Mari & Chuy: The Force Behind Midtown’s Fresh Mexican Cuisine
The Stick’s shopping center is at the center of the Reno’s revitalization and the happening Midtown District. It’s hard to miss the bright air of Mari & Chuy’s Mexican Kitchen, amongst Midtown’s retro brick facades and chic boutiques. The colorful restaurant has bold red walls and large garage-style windows which are rolled open on warm days for an indoor-outdoor vibe perfect for sucking down margaritas. Owner Chuy Guitierrez’s warmth and passion touch everything from the friendly atmosphere to the scaled-down menu, which highlights only the freshest ingredients. We sat down with Chuy for a behind-the-scenes look at Midtown’s favorite Mexican restaurant.
How did you wind up in Reno?
In 1977 I came from Mexico to L.A. My dream was always to become a chef. Arriving in Los Angeles when I was ten years old it was a scary thing. I knew even then I wanted to become a chef and be the owner of a restaurant. I was in Los Angeles for a few years, and I came to Reno in 1979. My oldest brother said let’s go to Reno, and I said okay.
We were coming down from Truckee, and I saw these beautiful buildings, Circus Circus, El Dorado and Harrah’s. I asked my brother what they were and he said they were hotels. Right away in my mind, I knew I wanted to work there.
I came early the next morning, and I saw the Executive Chef having a coffee early in the morning, about 4:30 in the morning. I was just a kid 11 years old looking for a job. I went in there, went straight to the chef and asked in Spanish because my English wasn’t good if I could have a job and they put me to work. Now fast forward 28 years later.
I worked in every department in El Dorado from washing dishes. I gained education, knowledge, and now I’m here in Midtown.
Tell us about your food philosophy?
Right now we are experiencing a great thing in food culture. I want to bring my experience back to life, which is knowing how to grow plants, know how to cut them, know how to make nice dishes. It might take a little longer, but it’s healthier than if you just got to the grocery store and opened a can. You have no idea how long it has been on the shelves. To me as a chef that’s not food. To me going through my grandma’s garden to cut lettuce and make a salad for the family, that’s food.
Where does your love of food come from?
My grandmother taught me about food. For her it was about earning your food, cultivating it. If I said “Grandma, I want to have a chicken, vegetable soup today,” there was no such thing as going to the fridge and get the chicken and vegetables. It was: get the chicken, get the water boiling, get the feathers out, and get your veggies. Not go to the fridge warm it up and serve it. It was a whole process that went into a good meal.
I get very tense with my meals. Back in my mind, I never had the luxury of there is the money now go to the grocery store and get your meal. You had to go to the farm; it was a big thing.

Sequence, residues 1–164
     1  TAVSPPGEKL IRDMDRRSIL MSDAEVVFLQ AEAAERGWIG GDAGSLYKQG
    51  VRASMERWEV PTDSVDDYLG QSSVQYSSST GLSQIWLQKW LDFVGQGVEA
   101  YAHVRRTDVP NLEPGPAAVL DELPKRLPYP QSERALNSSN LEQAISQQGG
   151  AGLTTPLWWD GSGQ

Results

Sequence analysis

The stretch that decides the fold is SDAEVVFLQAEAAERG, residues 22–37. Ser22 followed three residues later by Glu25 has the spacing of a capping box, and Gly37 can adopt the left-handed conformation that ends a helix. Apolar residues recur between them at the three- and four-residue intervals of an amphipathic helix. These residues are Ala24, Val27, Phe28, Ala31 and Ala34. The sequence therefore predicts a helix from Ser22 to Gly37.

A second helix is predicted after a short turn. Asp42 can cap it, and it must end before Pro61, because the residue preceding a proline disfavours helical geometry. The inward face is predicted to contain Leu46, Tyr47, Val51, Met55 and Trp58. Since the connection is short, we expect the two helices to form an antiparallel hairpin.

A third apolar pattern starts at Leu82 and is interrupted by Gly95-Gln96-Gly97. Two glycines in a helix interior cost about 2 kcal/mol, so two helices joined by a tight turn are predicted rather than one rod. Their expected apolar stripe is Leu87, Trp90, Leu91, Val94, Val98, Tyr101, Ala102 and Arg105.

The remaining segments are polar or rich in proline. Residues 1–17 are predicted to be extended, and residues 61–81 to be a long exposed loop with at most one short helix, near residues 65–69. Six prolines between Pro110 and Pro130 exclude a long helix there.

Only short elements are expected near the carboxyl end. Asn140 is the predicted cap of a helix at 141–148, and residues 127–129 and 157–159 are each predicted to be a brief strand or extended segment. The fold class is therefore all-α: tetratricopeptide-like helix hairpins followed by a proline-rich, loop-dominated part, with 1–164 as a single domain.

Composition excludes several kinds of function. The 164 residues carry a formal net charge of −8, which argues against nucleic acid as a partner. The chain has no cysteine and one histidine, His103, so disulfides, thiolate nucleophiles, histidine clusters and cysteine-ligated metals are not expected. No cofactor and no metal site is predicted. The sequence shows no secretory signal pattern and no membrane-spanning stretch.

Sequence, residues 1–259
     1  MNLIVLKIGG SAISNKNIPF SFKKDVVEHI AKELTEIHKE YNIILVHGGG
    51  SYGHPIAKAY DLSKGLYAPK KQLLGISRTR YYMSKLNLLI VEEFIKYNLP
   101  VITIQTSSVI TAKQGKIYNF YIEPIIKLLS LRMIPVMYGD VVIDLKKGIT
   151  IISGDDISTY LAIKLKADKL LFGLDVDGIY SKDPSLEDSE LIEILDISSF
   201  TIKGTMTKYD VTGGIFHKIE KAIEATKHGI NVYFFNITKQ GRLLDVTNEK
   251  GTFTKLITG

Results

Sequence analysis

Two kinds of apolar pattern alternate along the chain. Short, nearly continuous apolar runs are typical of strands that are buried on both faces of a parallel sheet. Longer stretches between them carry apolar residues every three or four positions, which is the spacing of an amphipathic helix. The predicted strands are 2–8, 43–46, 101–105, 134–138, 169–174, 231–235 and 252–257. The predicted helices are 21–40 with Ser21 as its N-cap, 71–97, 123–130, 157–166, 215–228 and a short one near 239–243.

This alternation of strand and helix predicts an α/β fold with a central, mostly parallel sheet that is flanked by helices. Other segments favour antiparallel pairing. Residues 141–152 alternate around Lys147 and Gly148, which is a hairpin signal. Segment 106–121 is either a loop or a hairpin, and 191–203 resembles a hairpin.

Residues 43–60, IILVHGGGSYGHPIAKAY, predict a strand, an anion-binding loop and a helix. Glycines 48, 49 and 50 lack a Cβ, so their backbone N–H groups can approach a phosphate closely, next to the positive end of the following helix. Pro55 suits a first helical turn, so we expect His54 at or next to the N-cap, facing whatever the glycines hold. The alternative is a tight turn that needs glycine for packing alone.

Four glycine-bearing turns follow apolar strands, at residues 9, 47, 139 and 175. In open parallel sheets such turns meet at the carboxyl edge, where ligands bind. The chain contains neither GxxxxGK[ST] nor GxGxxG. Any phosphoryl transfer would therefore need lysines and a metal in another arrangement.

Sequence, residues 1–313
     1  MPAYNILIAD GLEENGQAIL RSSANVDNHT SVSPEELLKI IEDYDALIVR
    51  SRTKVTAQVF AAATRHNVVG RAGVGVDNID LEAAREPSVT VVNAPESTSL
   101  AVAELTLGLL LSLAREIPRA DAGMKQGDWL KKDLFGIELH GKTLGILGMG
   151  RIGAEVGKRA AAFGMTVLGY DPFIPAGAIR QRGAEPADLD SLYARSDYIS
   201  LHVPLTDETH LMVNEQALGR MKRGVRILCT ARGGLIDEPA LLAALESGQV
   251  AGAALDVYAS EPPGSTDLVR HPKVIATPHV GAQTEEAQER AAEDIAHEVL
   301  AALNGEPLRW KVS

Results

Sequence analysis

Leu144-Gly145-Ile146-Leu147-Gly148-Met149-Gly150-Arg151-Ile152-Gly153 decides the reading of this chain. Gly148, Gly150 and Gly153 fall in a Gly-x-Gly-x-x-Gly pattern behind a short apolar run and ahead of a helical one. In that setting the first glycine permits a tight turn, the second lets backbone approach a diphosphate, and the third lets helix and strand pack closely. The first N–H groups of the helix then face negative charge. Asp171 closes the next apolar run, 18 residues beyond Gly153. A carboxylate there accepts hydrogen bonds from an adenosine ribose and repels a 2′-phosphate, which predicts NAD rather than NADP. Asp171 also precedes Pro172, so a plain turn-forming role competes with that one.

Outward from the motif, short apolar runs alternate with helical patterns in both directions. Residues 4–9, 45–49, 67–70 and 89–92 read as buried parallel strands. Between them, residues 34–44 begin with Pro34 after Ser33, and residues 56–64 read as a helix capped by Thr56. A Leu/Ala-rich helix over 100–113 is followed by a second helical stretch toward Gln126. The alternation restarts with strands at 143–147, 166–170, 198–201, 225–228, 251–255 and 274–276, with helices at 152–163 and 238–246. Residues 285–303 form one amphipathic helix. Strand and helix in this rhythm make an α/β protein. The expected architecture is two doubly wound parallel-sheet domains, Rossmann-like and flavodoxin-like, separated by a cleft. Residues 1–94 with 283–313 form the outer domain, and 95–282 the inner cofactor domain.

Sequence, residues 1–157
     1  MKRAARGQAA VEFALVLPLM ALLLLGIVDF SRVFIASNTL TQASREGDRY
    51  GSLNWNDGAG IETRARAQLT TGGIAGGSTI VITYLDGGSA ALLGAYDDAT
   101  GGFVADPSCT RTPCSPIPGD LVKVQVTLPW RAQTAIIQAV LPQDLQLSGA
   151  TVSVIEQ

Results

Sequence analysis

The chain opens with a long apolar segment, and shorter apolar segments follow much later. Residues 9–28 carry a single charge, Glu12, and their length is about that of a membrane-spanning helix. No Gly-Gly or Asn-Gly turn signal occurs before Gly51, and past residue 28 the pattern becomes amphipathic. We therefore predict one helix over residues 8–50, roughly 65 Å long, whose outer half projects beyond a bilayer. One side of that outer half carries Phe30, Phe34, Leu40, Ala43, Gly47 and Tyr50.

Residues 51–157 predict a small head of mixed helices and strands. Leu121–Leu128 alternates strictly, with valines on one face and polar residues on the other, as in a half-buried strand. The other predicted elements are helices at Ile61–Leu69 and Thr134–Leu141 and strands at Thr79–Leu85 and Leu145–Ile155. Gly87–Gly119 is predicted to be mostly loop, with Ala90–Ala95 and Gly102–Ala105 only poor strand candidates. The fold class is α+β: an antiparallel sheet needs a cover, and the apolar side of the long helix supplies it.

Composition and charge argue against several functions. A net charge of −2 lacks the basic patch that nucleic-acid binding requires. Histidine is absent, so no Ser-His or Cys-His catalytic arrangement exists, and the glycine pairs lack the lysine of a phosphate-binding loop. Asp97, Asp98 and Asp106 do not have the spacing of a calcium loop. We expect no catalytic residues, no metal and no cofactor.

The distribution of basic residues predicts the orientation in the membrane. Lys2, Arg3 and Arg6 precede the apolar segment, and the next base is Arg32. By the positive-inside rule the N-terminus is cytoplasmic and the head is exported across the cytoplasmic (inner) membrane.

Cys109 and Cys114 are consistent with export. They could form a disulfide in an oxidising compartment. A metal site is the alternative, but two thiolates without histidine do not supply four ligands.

What was your inspiration for starting your restaurant?
Since I arrived in Reno the culture of food, especially at El Dorado, has changed. It used to be everything we’ve been talking about. There was a ranch, and you’d get fresh parsley and basil, everything from the ranch. That was what made it so popular back in the day. Everything was fresh, fresh pasta, fresh ice creams, fresh vegetables. Things started getting commercialized. That’s when I decided to move on. They gave me the opportunity to open the Silver Legacy, and ten years later I decided to jump out on my own and do what I love. When you love what you do, it’s not a job anymore.
What inspires your menu and dining experience?
I love having long term relationships with customers. I love to see people return. That’s why we have such a small menu so I can control the quality. I don’t want to see a lot of backed-up inventory if we start to get that we make some new specials so that we are always using the freshest ingredients. When you see three or four-page long menus, you get lost.
When I go to mom and pop shops here locally, I always go straight to the chef and ask what’s good.
What are your favorite restaurants in town?
I go to Luciano’s on Lakeside that’s my Italian. I go to Kwok’s on West. I know those people, I know what they can do. When I’m there, I feel welcome.
What is a food item or ingredient that you think is underappreciated?
Freshness. A lot of people come in here and say “this isn’t Taco Bell” if you’re comparing me to Taco Bell you don’t know what you’re missing. A good meal starts in your mind. You don’t want to have to worry about the food you’re putting in your body. I always welcome people into the kitchen. The freshness makes it easy for us to accommodate people with dietary restrictions.
What do you want people to know about Mari & Chuy’s?
I want people to know we are a community-oriented; we strive for the best customer service and healthy food.
What do you consider your signature menu items?
We have three! The Molcajete which is very family-oriented, fish tacos, and chili Relleno. Those are the things that really encapsulate what we do.
Stop in to try some of Mari Chuys fresh Mexican cuisine, 764 S Virginia St., 11am-9pm, Monday – Saturday, or get a taste of their signature fish tacos on a Reno Food Tour!